The output is fine if I don't use the append operator but will not start 
on a new line. 


Using std.string.toStringsz(text) produces garbage when I display it in the console window.
Mar 27 2005
prev sibling parent reply Derek Parnell <derek psych.ward> writes:
On Sat, 26 Mar 2005 01:55:44 -0800, V wrote:

 Derek Parnell wrote:
 On Fri, 25 Mar 2005 19:51:13 -0800, V wrote:
 
 
I have a function that passes a string to be displayed on a screen and 
when using the "~" operator, causes an access violation:

<code>

void printFunc(char[] msg)
{
	msg ~= "\n";	// Error
	SendMessageA(wndConsole, EM_REPLACESEL, 0, cast(LPARAM) &msg);
}

</code>

Am I doing something wrong here?  Thanks :)

By any chance is the data being passed a string literal *and* you are running on a linux system? That would cause one. If so, try recoding it as ... void printFunc(char[] msg) { SendMessageA(wndConsole, EM_REPLACESEL, 0, cast(LPARAM) (msg~"\n").ptr ); }

I'm using windows xp and here is the code that precedes the function call: <code> char[] text; GETTEXTEX gtx; gtx.cb = 151; gtx.flags = GT_DEFAULT; gtx.lpDefaultChar = null; gtx.codepage = CP_ACP; gtx.lpUsedDefChar = null; SendMessageA(wndInput, EM_GETTEXTEX, cast(WPARAM)&gtx, cast(LPARAM)&text ); printFunc(text); </code> The output is fine if I don't use the append operator but will not start on a new line.

The first thing I notice is that you set the cb field to 151, meaning that the buffer size is 150 bytes + 1 for the null char. However, you haven't allocated anything in the buffer. I think you need "text.length = gtx.cb;" just before sending the EM_GETTEXTEX message. Then I think the send message call should more like ... SendMessageA(wndInput, EM_GETTEXTEX, cast(WPARAM)&gtx, cast(LPARAM)&text[0] ); In other words, pass the address of the first byte in the buffer. Unlike, C/C++, when if you declare an array such as char[] text, then use '&text', you are passing the address of the 8-byte dynamic array descriptor rather than the address of the first byte in the array. This means that the SendMessage routine will write over those 8 bytes, and possibly more, thus messing up your RAM. Access violations are almost guaranteed at some stage. -- Derek Parnell Melbourne, Australia http://www.dsource.org/projects/build 26/03/2005 10:27:00 PM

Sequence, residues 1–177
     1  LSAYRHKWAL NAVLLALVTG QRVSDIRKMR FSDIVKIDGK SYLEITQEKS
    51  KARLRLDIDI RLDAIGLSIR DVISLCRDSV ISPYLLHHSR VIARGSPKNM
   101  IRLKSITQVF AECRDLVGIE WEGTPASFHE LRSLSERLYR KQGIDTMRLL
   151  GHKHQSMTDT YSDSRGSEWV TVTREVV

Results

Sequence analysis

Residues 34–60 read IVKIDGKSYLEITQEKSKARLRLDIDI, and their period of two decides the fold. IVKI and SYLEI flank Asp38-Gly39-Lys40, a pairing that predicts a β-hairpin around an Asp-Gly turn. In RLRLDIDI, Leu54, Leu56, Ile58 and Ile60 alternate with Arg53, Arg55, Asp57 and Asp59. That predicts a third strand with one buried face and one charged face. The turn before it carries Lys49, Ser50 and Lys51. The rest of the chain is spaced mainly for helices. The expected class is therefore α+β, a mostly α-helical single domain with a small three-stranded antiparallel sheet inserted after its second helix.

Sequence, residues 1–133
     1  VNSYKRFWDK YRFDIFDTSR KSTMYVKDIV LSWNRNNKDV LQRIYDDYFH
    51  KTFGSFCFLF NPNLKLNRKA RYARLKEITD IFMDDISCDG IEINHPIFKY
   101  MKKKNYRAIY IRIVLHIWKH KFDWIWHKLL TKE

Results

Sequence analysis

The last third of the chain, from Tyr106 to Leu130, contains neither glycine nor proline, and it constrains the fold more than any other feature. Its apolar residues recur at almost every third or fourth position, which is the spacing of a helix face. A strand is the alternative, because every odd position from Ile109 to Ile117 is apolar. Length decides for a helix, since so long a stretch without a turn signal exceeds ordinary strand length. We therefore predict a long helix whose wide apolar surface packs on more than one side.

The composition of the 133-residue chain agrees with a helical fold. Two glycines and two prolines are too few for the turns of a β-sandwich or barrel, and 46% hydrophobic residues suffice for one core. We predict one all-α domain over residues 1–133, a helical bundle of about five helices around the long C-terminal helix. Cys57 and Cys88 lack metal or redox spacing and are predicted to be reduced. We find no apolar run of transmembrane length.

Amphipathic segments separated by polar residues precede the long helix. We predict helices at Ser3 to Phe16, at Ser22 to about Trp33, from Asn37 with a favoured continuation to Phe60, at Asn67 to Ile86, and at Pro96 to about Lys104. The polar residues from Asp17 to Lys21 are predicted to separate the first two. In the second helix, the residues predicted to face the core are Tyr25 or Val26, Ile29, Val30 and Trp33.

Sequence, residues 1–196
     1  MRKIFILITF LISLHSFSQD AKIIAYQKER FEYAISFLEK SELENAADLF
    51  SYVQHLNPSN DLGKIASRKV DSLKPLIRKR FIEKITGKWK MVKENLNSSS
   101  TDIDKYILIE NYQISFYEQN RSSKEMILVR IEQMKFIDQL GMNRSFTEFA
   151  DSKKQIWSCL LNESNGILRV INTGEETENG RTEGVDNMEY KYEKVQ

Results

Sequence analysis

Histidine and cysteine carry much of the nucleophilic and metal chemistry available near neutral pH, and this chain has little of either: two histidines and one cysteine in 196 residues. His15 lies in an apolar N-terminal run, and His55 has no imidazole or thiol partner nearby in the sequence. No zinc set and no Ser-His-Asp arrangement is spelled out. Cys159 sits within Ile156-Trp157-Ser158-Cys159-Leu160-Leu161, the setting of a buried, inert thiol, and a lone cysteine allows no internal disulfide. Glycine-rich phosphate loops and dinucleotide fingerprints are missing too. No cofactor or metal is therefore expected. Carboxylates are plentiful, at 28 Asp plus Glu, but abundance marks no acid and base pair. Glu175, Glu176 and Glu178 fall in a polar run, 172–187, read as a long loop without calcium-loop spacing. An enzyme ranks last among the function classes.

Mar 26 2005
parent V <v pathlink.com> writes:
Derek Parnell wrote:
 On Sat, 26 Mar 2005 01:55:44 -0800, V wrote:
 
 
Derek Parnell wrote:

On Fri, 25 Mar 2005 19:51:13 -0800, V wrote:



I have a function that passes a string to be displayed on a screen and 
when using the "~" operator, causes an access violation:

<code>

void printFunc(char[] msg)
{
	msg ~= "\n";	// Error
	SendMessageA(wndConsole, EM_REPLACESEL, 0, cast(LPARAM) &msg);
}

</code>

Am I doing something wrong here?  Thanks :)

By any chance is the data being passed a string literal *and* you are running on a linux system? That would cause one. If so, try recoding it as ... void printFunc(char[] msg) { SendMessageA(wndConsole, EM_REPLACESEL, 0, cast(LPARAM) (msg~"\n").ptr ); }

I'm using windows xp and here is the code that precedes the function call: <code> char[] text; GETTEXTEX gtx; gtx.cb = 151; gtx.flags = GT_DEFAULT; gtx.lpDefaultChar = null; gtx.codepage = CP_ACP; gtx.lpUsedDefChar = null; SendMessageA(wndInput, EM_GETTEXTEX, cast(WPARAM)&gtx, cast(LPARAM)&text ); printFunc(text); </code> The output is fine if I don't use the append operator but will not start on a new line.

The first thing I notice is that you set the cb field to 151, meaning that the buffer size is 150 bytes + 1 for the null char. However, you haven't allocated anything in the buffer. I think you need "text.length = gtx.cb;" just before sending the EM_GETTEXTEX message. Then I think the send message call should more like ... SendMessageA(wndInput, EM_GETTEXTEX, cast(WPARAM)&gtx, cast(LPARAM)&text[0] ); In other words, pass the address of the first byte in the buffer. Unlike, C/C++, when if you declare an array such as char[] text, then use '&text', you are passing the address of the 8-byte dynamic array descriptor rather than the address of the first byte in the array. This means that the SendMessage routine will write over those 8 bytes, and possibly more, thus messing up your RAM. Access violations are almost guaranteed at some stage.

Using &text[0] in SendMessageA(wndInput... works but now the append operation is not displayed, meaning the newline is not added, but it doesn't throw an exception. Maybe there is a null terminator at the end which is why the newline is not displayed? <code> SendMessageA(wndInput, EM_GETTEXTEX, cast(WPARAM)&gtx, cast(LPARAM)&text[0]); text ~= "\n"; printFunc(text); void printFunc(char[] msg) { SendMessageA(wndConsole, EM_REPLACESEL, 0, cast(LPARAM) &msg[0]); } </code>
Mar 27 2005
prev sibling parent =?ISO-8859-1?Q?Anders_F_Bj=F6rklund?= <afb algonet.se> writes:
Derek Parnell wrote:

 By any chance is the data being passed a string literal *and* you are
 running on a linux system? That would cause one. 

That is not true. Concatenation to an array creates a new one... Setting the current array contents by indexing would, however ? --anders
Mar 27 2005